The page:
In my lifetime, I’ve bonded with a lot of DJs. It is my nature, I think, to glom onto a voice. I probably shouldn’t admit this as it implies I’m a target for cult-dom, but what the heck? In my lifetime, of course, the nature of radio has been such that DJs are very much hear today, gone tomorrow. Their ability to rally a community is sketchy at best — did Rick Dees every really command respect? Howard Stern was/is as polarizing as he was addictive.
Because radio isn’t a national medium in the same way as network television, our relationships with with radio are largely local — this is, perhaps, why I reject the argument that blogs and services like iTunes fail to rally the larger community the way radio once did. Maybe we all listened to the same Top 40 songs, but does that necessarily a community make? No, it simply showed that when a lack of choice exists, consumers will either tune in without much enthusiasm or tune out, sometimes while the music is blaring.
On his way to touting the glories of the Hype Machine, a system that aggregates all the stuff being introduced on blogs around the world, Marc Fisher of the Washington Post posits that:
The community part of the formula turns out to be the toughest. Internet music sites are thriving gatherings of avid fans who easily find soul mates in even the most obscure categories of listening. But few homegrown music blogs — on MySpace or on their own — have found large audiences. Most of them are created by and for the deeply involved, who tend to sneer at music that’s too popular.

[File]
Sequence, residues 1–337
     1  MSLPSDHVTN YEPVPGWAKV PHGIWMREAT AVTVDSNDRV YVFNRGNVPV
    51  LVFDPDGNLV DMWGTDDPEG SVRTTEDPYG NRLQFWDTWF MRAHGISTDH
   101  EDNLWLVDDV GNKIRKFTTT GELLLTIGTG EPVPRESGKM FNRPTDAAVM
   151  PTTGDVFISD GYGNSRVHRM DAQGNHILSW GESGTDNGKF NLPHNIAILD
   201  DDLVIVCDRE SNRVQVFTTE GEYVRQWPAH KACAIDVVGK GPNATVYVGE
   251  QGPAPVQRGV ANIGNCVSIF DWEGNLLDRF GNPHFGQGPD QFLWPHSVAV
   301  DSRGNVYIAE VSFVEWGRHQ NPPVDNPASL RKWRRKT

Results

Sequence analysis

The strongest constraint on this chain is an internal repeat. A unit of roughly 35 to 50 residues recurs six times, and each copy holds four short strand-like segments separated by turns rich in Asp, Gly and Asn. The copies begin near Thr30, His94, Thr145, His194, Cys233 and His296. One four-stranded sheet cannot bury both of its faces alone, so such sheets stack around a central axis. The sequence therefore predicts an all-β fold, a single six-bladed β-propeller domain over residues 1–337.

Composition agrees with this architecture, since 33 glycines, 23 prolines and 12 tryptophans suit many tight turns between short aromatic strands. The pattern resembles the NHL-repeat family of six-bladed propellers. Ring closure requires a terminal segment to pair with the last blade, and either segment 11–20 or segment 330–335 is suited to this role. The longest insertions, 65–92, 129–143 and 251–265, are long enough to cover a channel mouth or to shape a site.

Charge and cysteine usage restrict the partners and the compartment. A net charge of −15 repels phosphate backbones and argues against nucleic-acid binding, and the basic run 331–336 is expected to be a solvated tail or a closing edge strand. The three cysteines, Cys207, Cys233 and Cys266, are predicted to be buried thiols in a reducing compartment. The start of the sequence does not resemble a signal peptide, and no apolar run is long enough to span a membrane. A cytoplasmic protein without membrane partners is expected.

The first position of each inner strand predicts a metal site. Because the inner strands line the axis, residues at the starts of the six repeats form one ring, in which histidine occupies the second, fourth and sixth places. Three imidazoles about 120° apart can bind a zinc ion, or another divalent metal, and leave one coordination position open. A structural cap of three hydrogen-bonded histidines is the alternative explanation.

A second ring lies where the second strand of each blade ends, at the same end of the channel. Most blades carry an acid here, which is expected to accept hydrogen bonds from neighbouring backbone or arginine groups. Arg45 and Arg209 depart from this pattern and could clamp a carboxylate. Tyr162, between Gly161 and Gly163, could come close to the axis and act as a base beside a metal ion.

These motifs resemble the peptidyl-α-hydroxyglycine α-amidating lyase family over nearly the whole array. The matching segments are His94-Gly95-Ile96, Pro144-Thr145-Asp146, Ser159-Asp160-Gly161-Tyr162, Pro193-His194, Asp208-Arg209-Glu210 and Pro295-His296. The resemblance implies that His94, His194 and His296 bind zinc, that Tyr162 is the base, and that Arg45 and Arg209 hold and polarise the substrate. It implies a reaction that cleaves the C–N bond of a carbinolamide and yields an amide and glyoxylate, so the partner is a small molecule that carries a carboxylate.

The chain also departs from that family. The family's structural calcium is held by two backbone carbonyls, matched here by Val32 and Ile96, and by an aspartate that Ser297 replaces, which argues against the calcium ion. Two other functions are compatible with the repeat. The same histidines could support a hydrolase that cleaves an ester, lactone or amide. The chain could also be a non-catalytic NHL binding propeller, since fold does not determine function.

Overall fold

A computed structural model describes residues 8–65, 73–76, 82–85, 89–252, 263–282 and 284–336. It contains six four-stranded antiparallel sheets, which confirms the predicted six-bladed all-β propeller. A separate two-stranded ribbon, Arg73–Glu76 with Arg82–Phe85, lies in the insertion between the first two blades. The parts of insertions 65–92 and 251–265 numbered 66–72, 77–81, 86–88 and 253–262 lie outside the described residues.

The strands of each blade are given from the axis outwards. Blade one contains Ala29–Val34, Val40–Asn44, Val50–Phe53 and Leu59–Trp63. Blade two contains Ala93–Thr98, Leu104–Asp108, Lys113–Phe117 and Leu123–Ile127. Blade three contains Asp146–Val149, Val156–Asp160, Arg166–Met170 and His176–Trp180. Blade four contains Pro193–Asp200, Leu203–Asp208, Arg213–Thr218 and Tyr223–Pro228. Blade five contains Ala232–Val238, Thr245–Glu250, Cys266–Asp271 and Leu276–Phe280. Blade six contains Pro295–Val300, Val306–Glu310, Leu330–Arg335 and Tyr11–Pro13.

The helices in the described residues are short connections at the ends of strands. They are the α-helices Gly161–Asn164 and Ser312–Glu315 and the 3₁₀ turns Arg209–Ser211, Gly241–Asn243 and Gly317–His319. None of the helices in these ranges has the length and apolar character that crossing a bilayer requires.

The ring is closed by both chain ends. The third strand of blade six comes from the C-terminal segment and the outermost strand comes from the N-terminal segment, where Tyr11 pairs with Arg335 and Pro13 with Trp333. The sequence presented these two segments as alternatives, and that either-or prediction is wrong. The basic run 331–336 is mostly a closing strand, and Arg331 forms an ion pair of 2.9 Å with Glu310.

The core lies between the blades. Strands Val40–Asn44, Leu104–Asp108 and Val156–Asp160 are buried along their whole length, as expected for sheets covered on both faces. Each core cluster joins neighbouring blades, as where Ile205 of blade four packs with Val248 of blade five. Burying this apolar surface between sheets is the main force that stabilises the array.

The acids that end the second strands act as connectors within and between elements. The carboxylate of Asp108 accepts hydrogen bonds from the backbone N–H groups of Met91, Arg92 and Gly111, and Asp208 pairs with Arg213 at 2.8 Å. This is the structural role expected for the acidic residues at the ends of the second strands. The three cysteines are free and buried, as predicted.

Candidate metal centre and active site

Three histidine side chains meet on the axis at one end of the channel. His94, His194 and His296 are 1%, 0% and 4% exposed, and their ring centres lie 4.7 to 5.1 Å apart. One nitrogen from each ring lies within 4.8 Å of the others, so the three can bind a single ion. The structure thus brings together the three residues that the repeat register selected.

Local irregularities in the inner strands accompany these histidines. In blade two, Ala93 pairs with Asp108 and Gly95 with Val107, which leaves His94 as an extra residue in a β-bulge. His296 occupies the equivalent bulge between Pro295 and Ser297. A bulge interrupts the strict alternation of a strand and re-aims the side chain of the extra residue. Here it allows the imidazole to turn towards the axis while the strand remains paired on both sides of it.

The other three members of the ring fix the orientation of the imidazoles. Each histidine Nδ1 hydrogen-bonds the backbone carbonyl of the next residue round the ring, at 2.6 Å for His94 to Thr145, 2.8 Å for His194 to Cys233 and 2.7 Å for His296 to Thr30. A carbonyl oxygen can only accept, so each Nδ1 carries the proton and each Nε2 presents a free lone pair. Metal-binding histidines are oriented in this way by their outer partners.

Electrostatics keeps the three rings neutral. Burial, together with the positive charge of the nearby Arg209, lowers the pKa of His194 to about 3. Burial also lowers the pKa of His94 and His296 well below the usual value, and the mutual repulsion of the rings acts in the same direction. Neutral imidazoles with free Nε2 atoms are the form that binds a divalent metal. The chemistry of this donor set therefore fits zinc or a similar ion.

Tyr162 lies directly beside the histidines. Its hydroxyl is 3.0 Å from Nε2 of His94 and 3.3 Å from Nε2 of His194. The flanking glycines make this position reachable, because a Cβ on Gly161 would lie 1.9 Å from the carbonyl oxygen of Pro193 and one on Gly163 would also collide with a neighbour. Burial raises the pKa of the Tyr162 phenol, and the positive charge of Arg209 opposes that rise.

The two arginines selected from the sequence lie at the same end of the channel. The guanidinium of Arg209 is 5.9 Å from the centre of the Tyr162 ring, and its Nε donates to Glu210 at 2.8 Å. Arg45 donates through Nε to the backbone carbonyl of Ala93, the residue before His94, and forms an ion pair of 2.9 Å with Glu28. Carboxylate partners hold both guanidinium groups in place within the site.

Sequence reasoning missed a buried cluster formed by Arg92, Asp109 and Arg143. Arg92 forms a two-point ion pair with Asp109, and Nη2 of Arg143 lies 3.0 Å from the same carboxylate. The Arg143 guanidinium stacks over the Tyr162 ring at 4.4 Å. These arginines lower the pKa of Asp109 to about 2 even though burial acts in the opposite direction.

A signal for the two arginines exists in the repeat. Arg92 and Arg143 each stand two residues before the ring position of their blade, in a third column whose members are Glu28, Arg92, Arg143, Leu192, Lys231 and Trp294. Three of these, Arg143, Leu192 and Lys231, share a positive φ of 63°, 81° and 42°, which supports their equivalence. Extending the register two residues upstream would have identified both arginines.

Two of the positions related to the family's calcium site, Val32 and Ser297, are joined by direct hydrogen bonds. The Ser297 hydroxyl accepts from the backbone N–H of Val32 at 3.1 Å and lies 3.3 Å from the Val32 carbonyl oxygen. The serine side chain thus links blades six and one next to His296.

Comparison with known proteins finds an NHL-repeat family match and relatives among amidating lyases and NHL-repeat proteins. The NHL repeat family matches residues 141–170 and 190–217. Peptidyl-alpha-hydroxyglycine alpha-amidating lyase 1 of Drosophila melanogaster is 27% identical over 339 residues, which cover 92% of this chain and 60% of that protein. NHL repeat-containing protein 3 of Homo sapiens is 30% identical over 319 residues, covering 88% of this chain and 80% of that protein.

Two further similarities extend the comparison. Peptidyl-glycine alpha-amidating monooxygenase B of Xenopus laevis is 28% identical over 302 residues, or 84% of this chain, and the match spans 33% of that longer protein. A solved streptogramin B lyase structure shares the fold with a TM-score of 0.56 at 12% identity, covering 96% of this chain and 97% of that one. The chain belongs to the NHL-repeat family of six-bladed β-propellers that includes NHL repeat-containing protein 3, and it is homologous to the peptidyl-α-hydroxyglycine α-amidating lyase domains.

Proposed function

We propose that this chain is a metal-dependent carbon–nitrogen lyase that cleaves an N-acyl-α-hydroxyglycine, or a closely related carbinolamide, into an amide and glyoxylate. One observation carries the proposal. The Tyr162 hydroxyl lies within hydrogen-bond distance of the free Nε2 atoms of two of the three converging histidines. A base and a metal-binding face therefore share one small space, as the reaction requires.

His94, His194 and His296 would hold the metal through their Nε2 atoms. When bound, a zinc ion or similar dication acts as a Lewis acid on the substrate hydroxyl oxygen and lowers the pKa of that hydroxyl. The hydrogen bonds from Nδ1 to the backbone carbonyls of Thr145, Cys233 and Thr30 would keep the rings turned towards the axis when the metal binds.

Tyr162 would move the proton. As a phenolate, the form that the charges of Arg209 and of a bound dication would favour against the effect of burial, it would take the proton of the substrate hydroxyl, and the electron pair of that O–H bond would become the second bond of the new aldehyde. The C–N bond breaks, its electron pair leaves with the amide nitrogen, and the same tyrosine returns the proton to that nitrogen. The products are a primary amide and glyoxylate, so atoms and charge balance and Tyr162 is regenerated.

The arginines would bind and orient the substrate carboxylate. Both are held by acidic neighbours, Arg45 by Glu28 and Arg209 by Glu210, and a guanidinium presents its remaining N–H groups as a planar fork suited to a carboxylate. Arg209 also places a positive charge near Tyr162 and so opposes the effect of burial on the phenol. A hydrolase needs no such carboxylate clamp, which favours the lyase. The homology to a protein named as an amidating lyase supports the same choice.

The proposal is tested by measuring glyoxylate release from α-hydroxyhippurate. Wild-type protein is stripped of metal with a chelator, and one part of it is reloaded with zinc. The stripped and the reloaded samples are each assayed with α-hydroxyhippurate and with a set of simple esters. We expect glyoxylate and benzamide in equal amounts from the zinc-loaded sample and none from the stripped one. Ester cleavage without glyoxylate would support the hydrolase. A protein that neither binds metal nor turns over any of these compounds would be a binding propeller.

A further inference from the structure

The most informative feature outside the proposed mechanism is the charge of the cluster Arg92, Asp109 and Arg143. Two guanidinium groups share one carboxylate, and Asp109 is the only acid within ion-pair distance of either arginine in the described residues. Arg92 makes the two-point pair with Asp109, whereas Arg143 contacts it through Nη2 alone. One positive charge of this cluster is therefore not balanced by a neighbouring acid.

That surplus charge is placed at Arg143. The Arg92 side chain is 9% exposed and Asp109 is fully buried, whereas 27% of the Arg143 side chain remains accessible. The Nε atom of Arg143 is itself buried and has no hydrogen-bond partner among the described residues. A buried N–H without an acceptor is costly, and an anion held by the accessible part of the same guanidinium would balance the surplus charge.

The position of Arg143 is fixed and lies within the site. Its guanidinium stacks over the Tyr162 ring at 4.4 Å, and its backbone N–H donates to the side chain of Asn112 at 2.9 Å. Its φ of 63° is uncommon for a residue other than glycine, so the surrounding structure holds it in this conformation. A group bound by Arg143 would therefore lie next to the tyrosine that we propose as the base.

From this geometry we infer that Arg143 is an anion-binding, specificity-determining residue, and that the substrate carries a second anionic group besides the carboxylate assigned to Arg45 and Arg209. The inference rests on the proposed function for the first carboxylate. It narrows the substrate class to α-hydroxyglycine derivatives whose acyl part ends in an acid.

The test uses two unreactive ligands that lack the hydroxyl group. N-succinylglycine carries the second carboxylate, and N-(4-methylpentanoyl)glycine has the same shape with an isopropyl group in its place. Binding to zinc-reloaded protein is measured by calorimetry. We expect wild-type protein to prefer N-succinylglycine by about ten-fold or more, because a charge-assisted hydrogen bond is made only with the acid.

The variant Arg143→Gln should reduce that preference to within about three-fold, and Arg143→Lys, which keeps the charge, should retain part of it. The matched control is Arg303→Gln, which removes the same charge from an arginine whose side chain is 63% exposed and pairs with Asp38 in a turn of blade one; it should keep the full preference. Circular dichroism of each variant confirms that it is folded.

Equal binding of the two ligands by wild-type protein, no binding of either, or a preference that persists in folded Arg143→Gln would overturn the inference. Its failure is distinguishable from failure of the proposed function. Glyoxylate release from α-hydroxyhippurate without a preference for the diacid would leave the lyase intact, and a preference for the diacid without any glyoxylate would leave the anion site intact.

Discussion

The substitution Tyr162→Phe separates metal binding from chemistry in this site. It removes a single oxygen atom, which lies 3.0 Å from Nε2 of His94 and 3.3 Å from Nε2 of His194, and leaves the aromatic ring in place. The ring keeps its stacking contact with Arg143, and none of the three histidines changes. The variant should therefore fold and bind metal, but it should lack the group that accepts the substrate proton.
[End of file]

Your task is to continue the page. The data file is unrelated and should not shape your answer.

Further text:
This is a true statement, but possibly misleading. We live in a world where somehow Ashlee Simpson can debut at number one*, yet nobody seems passionate about Ashlee Simpson, at least not in the way a band like The Replacements continues to inspire passion. Corporate radio still targets the big hits while MySpace blogs are reaching out to those of us who simply turned off commercial radio in 1982 and never looked back. If anything, the proliferation of these smaller sites and bands is proving that community is less dependent upon size than it is about passion.
Fisher notes that file sharing has mostly advanced the sounds of music that was already popular. Fair enough, as long as we realize that blogs/online communities also gave us success stories like “Clap Your Hands, Say Yeah”. Hype Machine is poised to bring a wider range of music to listeners, if the listeners can bring themselves to move off the site and onto the wide range of blogs it’s plugged into. In an apparent case of unexpected results, users are treating the service more like a radio than a diving board.
Radio, as Fisher comments, had six decades to build an audience and perfect a formula, only to have it broken. New media has exploded rather suddenly, and the biggest surprise is the fact that the little guys, those musicians and artists you’ve never heard of, are finding audiences despite all the noise.
* – This is a hypothetical statement on my part because I have no first-hand knowledge of this artist nor her chart performance.